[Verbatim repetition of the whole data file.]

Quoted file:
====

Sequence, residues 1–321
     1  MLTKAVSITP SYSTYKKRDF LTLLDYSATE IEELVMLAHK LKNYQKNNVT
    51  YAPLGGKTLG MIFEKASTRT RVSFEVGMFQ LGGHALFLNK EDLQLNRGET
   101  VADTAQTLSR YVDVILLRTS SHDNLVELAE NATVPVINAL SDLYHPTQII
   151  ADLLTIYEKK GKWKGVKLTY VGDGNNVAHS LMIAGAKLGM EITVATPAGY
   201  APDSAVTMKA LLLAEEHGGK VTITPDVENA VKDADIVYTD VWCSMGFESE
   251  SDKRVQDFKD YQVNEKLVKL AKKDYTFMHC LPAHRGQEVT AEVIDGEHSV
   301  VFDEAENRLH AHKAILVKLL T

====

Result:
Sequence, residues 1–321
     1  MLTKAVSITP SYSTYKKRDF LTLLDYSATE IEELVMLAHK LKNYQKNNVT
    51  YAPLGGKTLG MIFEKASTRT RVSFEVGMFQ LGGHALFLNK EDLQLNRGET
   101  VADTAQTLSR YVDVILLRTS SHDNLVELAE NATVPVINAL SDLYHPTQII
   151  ADLLTIYEKK GKWKGVKLTY VGDGNNVAHS LMIAGAKLGM EITVATPAGY
   201  APDSAVTMKA LLLAEEHGGK VTITPDVENA VKDADIVYTD VWCSMGFESE
   251  SDKRVQDFKD YQVNEKLVKL AKKDYTFMHC LPAHRGQEVT AEVIDGEHSV
   301  VFDEAENRLH AHKAILVKLL T